It started out as a really good day. I got my work out in and then had a lot of time all to myself in the morning before I cleaned up house and body to see an old friend from high school. I'm still down on my childhood education, but there are a handful of people from my early years that I'm genuinely glad to have met, and she's one of them.
The boys loved her little girls and were fighting over who got to hold the baby. My friend was gracious about my home, but because there were Legos, babies and a wooden coffee table, I thought we should go outside. I might have changed my mind once it started raining, but my friend was fine. So we walked while one of the little ones jumped in puddles and the boys jostled for control of the stroller.
We chatted as best we could with four small children, then got some lunch. My friend left shortly afterward, and I hope she can stop by again. Adults like playdates too.
I was waiting for Sam to get home to watch the boys so I could take Jazmyn to Hebrew School when I got a text that she needed help at the train station because she had fallen down the stairs. We joke about her klutziness, but this kid has managed to negotiate a lot of stairs with her bass, so this was unusual. I wasn't sure how well she'd be able to watch the boys, so we skipped Hebrew School today. The principal was very nice about it and will get us the homework.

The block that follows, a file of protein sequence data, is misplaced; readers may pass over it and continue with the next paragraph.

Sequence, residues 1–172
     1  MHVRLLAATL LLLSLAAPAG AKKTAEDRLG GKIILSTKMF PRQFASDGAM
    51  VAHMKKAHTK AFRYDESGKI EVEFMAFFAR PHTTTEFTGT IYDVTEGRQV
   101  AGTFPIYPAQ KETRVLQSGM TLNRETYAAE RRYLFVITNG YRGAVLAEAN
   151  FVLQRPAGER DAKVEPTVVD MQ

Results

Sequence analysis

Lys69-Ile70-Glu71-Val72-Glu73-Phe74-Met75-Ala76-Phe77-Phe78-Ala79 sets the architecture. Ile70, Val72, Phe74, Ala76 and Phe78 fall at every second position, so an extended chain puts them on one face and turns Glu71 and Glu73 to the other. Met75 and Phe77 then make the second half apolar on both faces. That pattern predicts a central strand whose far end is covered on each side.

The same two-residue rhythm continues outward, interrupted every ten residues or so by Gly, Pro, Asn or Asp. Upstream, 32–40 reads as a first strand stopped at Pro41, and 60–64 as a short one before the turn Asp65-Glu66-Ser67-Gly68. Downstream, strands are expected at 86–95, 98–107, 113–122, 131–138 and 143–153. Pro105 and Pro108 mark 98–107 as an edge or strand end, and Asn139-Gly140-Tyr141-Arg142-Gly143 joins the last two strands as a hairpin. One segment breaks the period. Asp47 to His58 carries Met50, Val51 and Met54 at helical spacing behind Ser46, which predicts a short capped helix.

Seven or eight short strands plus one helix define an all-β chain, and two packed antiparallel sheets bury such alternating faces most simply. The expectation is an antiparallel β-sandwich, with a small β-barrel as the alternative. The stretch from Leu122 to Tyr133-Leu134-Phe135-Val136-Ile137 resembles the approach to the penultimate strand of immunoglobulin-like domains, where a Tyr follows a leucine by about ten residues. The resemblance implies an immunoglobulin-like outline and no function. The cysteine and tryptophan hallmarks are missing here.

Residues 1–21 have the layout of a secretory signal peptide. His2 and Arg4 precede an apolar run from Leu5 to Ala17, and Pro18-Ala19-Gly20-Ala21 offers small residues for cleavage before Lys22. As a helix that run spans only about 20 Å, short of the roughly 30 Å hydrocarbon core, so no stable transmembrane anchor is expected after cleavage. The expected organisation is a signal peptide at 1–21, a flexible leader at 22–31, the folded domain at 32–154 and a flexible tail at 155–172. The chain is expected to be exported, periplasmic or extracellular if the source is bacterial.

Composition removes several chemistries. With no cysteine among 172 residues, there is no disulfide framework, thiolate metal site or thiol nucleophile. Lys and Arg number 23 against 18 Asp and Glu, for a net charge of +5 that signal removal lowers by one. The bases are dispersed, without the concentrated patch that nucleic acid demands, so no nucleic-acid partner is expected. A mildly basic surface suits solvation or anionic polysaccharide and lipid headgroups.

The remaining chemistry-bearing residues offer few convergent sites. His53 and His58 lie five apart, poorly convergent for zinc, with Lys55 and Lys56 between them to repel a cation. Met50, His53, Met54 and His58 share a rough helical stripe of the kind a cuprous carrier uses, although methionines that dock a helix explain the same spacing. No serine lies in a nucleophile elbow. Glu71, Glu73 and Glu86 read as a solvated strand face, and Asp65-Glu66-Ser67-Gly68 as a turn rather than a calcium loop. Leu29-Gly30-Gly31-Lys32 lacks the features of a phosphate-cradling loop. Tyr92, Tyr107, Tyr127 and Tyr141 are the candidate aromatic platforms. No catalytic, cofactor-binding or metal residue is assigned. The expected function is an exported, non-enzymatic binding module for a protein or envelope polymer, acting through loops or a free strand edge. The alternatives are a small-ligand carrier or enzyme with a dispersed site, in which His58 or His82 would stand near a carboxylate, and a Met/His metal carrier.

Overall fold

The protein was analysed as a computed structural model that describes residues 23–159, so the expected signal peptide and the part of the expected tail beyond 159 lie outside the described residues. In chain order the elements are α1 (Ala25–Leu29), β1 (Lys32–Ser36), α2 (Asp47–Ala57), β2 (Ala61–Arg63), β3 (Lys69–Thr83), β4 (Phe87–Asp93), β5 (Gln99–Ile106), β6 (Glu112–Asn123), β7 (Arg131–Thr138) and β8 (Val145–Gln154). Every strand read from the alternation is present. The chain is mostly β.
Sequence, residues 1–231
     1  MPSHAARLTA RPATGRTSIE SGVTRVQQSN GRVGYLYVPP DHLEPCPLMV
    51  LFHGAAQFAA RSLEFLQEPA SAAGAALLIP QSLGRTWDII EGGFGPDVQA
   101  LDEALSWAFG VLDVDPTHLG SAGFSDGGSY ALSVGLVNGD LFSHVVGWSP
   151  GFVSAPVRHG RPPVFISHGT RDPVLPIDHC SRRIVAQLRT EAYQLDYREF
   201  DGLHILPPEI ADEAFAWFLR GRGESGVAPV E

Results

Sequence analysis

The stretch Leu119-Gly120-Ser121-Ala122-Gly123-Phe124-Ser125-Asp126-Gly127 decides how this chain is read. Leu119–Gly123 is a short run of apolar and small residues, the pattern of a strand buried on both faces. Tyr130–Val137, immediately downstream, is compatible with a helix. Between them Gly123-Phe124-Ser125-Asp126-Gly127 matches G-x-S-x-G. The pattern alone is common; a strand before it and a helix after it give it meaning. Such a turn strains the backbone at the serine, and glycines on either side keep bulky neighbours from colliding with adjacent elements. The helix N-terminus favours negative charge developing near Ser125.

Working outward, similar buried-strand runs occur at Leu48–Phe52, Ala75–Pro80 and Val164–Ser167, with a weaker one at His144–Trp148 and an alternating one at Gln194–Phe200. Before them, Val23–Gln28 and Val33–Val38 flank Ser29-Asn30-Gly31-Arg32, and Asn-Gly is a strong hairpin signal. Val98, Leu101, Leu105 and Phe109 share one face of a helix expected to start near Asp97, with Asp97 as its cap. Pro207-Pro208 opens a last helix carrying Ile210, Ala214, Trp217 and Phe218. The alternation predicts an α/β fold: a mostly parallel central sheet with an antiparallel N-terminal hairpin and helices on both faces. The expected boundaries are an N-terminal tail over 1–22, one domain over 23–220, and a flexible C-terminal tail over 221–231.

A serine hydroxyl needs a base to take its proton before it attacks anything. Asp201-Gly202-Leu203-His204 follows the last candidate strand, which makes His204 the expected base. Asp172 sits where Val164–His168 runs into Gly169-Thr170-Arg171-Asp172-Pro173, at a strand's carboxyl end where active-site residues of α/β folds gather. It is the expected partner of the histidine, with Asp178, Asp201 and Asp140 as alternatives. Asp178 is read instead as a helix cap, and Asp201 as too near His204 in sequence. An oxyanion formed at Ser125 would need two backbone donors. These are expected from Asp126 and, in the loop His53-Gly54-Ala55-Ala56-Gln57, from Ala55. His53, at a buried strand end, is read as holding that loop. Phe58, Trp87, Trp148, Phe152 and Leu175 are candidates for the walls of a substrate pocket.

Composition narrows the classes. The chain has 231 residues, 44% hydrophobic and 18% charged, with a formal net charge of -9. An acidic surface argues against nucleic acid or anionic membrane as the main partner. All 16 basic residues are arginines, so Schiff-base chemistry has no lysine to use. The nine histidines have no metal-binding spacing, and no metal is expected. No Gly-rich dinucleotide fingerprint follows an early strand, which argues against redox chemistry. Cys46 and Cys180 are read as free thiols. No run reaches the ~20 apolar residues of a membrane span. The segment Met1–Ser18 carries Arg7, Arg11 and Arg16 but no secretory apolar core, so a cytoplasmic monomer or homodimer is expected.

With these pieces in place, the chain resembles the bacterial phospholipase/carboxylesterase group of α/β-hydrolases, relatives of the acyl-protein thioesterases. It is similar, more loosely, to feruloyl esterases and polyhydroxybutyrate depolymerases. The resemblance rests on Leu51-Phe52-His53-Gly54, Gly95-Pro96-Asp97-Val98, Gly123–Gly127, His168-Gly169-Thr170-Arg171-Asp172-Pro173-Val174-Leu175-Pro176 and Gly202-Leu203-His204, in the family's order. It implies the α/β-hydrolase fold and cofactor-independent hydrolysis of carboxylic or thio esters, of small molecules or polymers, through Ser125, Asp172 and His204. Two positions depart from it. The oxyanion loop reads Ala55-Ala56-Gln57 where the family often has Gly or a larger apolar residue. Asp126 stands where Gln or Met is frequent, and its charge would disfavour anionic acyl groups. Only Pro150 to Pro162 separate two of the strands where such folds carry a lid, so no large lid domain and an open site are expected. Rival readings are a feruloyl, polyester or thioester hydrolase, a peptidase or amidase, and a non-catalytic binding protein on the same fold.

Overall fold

That wasn't so great, but I really liked having all of the kids home. Sam was impressed that Jazmyn has printed some sheet music and was trying to tap it out, as Jaz had. They both spontanously decided to practice their basses, and they sounded good. And the boys dumped out all of their Legos and made yet another brave new world.
At one point, I turned off the tv. Too much noise was interrupting my knitting. And then I decided that it was time to tackle the project I had been dreading: letter writing to my nieces. No TV or computer until they were written. Simon was game, but Jacob wasn't. Of course, because he was the one whose skills I was concerned about. In desperation, I told him that he couldn't make cookies with Sam until he had put in a written request for her. That worked. Oh cookies- thank you.
I drafted the note for him, but he was skittish. He said he didn't know how to make an "s" and his "m" was like three stilts. So I sat with him. He struggled through, then told me all of a sudden he could make the letters with his eyes closed. No, please don't... but then I relented. Huh. He did a much better job.
The child knows how to write and, when he wants to, read. But Michael got on my case last week about the deterioration of his handwriting because I haven't been pushing him. I want him to learn and practice in context. I thought letter writing to his beloved cousins would work, but he can smell a ploy before I can set it up. I'm going to go out on a limb and guess that some of his resistance is based in his lack of confidence. Hopefully, knowing that he can do it with his eyes closed has instilled that in him.
Now what will I make that boy write for me tomorrow?
Deb in the City